Hey! I got to ride one of those once. My old 608cc Yamaha SRX-6 singles racer was built not quite to the hilt and made 52 horsepower. The Ducati Supermono made more like 70 hp from 502cc, and was about a 3/4-scale model of the Yamaha.
Ian Falloon may be the greatest writer of motorcycle books ever. Lately he’s taken to excerpting some of his work on Facebook, which is where we stumbled across this tidbit from his 2014 tome, The Art of the Ducati.
Over Ducati’s history there have been many unfulfilled promises, but none more squandered than the Supermono. Ducati’s tradition was founded on single-cylinder motorcycles, and when the Supermono was conceived it promised to resurrect the concept, forming the foundation of a new family of high technology single-cylinder machines.
Championed by Massimo Bordi, Ducati’s then engineering chief envisaged the Supermono as the perfect single-cylinder motorcycle for both the racetrack and street. Although the Supermono project began after the 916, the Supermono prototype was unveiled a year earlier, at the Cologne Show, at the end of 1992. It caused a sensation, and remains one of the most beautiful and timeless of all Ducati designs. The Supermono was a catalog racer produced by the racing department, and intended for “Sound of Singles” racing, much the same as the 888 Racing.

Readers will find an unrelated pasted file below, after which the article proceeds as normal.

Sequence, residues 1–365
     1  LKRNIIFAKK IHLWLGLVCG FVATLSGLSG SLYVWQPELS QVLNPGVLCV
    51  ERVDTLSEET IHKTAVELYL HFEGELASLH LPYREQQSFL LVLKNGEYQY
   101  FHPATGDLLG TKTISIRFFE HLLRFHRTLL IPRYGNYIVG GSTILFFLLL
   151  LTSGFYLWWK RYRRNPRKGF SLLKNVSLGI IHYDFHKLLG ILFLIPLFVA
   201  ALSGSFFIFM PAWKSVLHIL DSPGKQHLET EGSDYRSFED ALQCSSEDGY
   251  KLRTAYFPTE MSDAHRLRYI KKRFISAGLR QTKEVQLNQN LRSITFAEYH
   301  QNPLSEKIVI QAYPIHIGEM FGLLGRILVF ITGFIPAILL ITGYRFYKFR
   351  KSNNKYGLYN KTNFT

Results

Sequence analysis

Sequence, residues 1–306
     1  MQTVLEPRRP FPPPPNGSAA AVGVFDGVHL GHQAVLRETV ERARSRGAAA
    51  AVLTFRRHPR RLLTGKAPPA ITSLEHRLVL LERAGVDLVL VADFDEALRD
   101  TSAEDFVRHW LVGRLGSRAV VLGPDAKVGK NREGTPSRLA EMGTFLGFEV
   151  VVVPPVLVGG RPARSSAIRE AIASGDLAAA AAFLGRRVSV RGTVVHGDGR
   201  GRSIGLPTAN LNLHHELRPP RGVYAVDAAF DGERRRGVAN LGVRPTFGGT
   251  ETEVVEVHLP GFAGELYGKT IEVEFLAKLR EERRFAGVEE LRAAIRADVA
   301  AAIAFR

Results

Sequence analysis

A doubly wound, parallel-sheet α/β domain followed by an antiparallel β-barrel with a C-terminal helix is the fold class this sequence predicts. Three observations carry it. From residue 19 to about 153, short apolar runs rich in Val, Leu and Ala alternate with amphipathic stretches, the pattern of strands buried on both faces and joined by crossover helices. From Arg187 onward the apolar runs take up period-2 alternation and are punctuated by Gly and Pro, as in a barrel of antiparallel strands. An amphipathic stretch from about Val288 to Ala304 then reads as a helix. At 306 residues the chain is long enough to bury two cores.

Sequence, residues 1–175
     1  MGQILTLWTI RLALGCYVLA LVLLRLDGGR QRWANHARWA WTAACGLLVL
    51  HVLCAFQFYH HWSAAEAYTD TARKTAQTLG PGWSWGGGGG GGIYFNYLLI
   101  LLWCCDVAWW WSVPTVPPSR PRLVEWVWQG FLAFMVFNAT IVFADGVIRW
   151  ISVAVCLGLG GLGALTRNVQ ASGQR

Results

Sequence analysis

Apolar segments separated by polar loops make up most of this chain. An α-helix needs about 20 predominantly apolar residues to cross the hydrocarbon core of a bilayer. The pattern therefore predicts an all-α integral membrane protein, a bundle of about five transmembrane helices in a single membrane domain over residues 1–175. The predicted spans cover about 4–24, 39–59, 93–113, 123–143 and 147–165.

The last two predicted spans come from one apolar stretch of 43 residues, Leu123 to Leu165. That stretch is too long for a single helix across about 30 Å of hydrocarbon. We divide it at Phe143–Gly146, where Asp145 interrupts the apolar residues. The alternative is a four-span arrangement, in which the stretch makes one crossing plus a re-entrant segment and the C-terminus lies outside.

The heart of the Supermono was the engine, development of which began during 1990. Bordi elected to adapt the 90-degree V-twin so that vibration, the traditional bugbear of big singles, could be eliminated. Bordi’s original idea called for a V-twin with a dummy piston, but due to internal friction and crankcase pressure, the 487cc engine produced a disappointing 53 horsepower on its first dyno run. An increase to 57 horsepower was also deemed insufficient.